A group of United Nations experts said it has “solid evidence” that Rwandan troops fought alongside rebel group M23 in eastern Democratic Republic of Congo, providing it with weapons and support.
The findings were in a confidential report seen by Reuters on Thursday.
Rwanda has previously denied charges by the Congolese government that it supports the M23 and has sent troops into the country. The M23 has denied receiving Rwandan aid.
The UN group “obtained solid evidence of the presence and military operations conducted by RDF (Rwandan Defense Force) members in the territory of Rutshuru between November 2021 and July 2022,” the report said.
RDF members carried out joint attacks with M23 fighters against the Congolese army and Congolese armed groups, and supplied the rebels with weapons, ammunition and uniforms.
The Rwandan authorities did not immediately respond to a request for comment on the UN findings.
The M23 insurgency stems from the long-lasting effects of the 1994 genocide in Rwanda. The group was founded in 2012 and claimed to defend the interests of Congolese Tutsis, the ethnic group shared by Rwandan President Paul Kagame, against Hutu militias.
Since May, the M23 has launched its most sustained offensive in years, killing dozens and displacing tens of thousands of people. In July, it controlled an area nearly three times the size of March, the UN group said.
The revival of the M23 has fueled regional tensions and sparked deadly protests against the UN peacekeeping mission in Congo, which accuses civilians of failing to protect them.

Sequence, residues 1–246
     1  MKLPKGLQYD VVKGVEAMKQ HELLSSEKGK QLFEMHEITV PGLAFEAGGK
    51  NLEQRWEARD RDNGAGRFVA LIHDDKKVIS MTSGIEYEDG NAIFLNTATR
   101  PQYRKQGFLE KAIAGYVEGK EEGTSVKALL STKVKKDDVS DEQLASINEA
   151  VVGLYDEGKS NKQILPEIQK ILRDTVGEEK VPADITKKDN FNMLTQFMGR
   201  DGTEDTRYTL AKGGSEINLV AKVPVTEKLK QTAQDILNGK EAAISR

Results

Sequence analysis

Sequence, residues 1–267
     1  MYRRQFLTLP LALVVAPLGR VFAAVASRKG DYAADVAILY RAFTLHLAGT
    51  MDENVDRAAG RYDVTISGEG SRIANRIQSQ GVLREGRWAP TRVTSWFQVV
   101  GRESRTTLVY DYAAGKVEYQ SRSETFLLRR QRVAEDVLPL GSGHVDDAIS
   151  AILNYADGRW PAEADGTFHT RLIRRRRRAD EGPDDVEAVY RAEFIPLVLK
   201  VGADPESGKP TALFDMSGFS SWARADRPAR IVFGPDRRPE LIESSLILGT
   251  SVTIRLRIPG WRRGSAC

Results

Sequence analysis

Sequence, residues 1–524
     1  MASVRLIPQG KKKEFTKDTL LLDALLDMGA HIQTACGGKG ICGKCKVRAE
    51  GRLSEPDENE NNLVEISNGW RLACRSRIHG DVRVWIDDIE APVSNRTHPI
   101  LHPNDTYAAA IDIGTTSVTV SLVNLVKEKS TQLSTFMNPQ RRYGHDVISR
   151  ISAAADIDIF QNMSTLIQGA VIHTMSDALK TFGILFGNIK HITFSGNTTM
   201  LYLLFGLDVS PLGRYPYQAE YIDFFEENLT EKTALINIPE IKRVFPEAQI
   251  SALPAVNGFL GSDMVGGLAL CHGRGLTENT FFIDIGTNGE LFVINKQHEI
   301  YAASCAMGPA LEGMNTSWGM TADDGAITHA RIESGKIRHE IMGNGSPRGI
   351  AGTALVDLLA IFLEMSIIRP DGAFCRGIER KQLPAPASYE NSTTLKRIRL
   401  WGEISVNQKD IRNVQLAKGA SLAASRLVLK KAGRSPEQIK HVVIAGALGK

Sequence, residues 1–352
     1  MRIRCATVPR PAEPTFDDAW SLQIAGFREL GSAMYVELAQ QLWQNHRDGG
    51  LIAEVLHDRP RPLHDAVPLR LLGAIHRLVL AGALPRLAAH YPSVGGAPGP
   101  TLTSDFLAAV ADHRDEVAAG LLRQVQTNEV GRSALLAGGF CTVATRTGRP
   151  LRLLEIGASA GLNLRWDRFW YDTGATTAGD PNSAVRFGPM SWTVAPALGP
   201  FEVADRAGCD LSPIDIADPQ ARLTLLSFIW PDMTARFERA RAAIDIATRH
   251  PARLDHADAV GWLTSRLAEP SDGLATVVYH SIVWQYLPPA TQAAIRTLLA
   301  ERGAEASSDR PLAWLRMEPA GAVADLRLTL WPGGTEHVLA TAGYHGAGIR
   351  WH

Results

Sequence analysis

The UN group has detailed evidence, including photos of Rwandan soldiers in an M23 camp, drone footage of columns of hundreds of soldiers marching near the Rwandan border, and photos and videos of M23 fighters wearing new uniforms and equipment. comparable to that of the Rwandan army.
Rwandan troops and the M23 jointly attacked the Congolese army camp in Rumangabo in May. When the M23 took over the strategic border town of Bunagana in June, Rwandan soldiers were either present or had supplied equipment to the rebels, the report said.
Rwanda and neighboring Uganda have a long history of military intervention in Congo. The two countries invaded in 1996 and again in 1998, claiming they were defending themselves against local militias.
One target of the M23 and Rwandan operations in Congo was the Democratic Forces for the Liberation of Rwanda (FDLR), a Hutu militia that Rwanda accuses Congo of using as a proxy. The Congolese government has denied this.
Some members of the Congolese military have supported and fought a coalition of armed groups, including the FDLR, the UN report said.